It takes a lot of people to make a movie. Especially in the world of animation, where literally every frame needs to be created from a canvas, it takes a wealth of talented people to bring each drawn still to life on the screen. When it comes to Disney's animation house, you can certainly expect dozens of professionals and trained hands to lend their skill sets to a project — especially one as big (or eventually big) as The Lion King. As it was reported by Entertainment Weekly, there were more than 600 animators involved in the making of The Lion King, including animators, technicians, and other pivotal figures in the process. Indeed, every moment was intensely scrutinized, retooled, or remade again. Even the little, seemingly inconsequential bits costs lots of money, time, and headaches. But that's the cost of greatness.

Screenshot from The Lion King VHS promo

Real-Life Lions Were Brought To The Studio So That The Animators Could Accurately Draw Them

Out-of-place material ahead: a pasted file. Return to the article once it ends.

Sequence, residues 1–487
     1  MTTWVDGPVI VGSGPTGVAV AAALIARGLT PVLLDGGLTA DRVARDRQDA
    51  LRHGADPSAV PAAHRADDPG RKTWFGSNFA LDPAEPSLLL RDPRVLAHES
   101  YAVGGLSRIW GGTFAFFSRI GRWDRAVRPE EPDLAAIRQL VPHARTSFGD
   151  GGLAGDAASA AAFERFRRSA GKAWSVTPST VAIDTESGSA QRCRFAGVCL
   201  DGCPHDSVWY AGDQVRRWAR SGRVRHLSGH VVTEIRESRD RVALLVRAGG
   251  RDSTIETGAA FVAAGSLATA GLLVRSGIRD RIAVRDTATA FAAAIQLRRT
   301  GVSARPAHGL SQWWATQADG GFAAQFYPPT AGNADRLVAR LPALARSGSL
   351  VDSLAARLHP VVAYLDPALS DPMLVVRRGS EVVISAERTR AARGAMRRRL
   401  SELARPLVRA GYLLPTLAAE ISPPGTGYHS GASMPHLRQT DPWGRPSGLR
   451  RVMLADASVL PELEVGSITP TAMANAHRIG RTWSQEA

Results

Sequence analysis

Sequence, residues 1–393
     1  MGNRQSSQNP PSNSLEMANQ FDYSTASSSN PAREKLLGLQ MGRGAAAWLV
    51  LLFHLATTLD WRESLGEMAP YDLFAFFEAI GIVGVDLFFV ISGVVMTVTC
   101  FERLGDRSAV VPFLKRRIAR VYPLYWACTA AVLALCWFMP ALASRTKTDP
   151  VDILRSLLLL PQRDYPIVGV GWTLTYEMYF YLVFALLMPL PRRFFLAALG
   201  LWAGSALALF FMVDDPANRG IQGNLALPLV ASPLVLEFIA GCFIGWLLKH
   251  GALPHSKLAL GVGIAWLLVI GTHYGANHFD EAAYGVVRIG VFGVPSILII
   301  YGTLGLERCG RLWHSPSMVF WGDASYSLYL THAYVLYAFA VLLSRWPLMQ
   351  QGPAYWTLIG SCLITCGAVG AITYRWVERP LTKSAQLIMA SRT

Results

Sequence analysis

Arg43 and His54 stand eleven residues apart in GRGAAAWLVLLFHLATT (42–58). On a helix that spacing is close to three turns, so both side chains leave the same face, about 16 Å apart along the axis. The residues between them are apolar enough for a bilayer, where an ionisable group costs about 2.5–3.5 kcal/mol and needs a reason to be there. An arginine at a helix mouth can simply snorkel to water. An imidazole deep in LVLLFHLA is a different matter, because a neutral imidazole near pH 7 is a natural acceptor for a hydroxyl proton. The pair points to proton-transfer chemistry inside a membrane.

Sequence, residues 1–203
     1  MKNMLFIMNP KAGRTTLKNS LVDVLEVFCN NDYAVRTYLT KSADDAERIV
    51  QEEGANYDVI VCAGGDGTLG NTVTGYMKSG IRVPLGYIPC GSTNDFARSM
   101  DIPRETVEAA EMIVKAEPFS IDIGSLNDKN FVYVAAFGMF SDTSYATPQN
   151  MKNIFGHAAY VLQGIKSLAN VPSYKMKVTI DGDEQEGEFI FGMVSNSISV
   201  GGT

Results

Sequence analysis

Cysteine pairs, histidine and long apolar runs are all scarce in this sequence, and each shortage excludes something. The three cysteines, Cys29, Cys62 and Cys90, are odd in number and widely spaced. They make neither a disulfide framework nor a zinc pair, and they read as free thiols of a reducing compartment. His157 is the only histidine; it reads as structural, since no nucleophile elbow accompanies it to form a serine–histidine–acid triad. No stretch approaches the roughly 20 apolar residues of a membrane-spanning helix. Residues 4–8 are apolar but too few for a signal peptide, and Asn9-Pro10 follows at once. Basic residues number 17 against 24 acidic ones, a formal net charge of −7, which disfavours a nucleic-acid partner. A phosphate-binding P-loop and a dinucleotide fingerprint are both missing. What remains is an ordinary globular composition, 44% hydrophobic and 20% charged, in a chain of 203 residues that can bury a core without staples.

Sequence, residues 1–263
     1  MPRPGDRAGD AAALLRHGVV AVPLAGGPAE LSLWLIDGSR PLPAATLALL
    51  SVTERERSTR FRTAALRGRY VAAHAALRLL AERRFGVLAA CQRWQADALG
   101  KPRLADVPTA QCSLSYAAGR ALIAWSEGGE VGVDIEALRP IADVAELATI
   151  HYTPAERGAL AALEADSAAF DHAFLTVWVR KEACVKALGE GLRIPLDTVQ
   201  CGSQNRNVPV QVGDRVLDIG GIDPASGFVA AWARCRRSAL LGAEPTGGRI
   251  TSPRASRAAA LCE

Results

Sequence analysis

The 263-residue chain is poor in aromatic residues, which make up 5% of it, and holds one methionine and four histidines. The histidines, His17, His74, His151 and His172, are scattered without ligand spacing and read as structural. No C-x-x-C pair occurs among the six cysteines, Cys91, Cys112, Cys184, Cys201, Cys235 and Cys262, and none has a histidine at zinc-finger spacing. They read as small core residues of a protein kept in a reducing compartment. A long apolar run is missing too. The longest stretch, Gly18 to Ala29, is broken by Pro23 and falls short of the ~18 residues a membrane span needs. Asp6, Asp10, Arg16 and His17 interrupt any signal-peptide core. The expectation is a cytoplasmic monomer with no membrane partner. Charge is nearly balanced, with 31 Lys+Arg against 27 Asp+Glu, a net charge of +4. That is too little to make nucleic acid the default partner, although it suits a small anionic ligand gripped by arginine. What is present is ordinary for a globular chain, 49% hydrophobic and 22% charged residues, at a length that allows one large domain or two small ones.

While animation can often allow many creative liberties, the filmmakers behind The Lion King wanted the hand-drawn animals who take center stage to have some realism to their designs. While there are many cartoonish and colorful moments to be found in Disney's adored animated classic, one key to its success comes from its well-crafted characters, who often walk and act like their real-life counterparts (minus, you know, the speaking English thing). As it was revealed in a VHS promo for The Lion King, the wild life animals were created by the animators studying the real thing, including real-life lions who were brought into the studio (safely, hopefully) for animators to study. Certainly, this paid off — though one must assume that having real-life lions walking around the office doesn't result in a calm work day.

Screenshot from Pocahontas

Disney Allegedly Expected Pocahontas To Be A Bigger Success Than The Lion King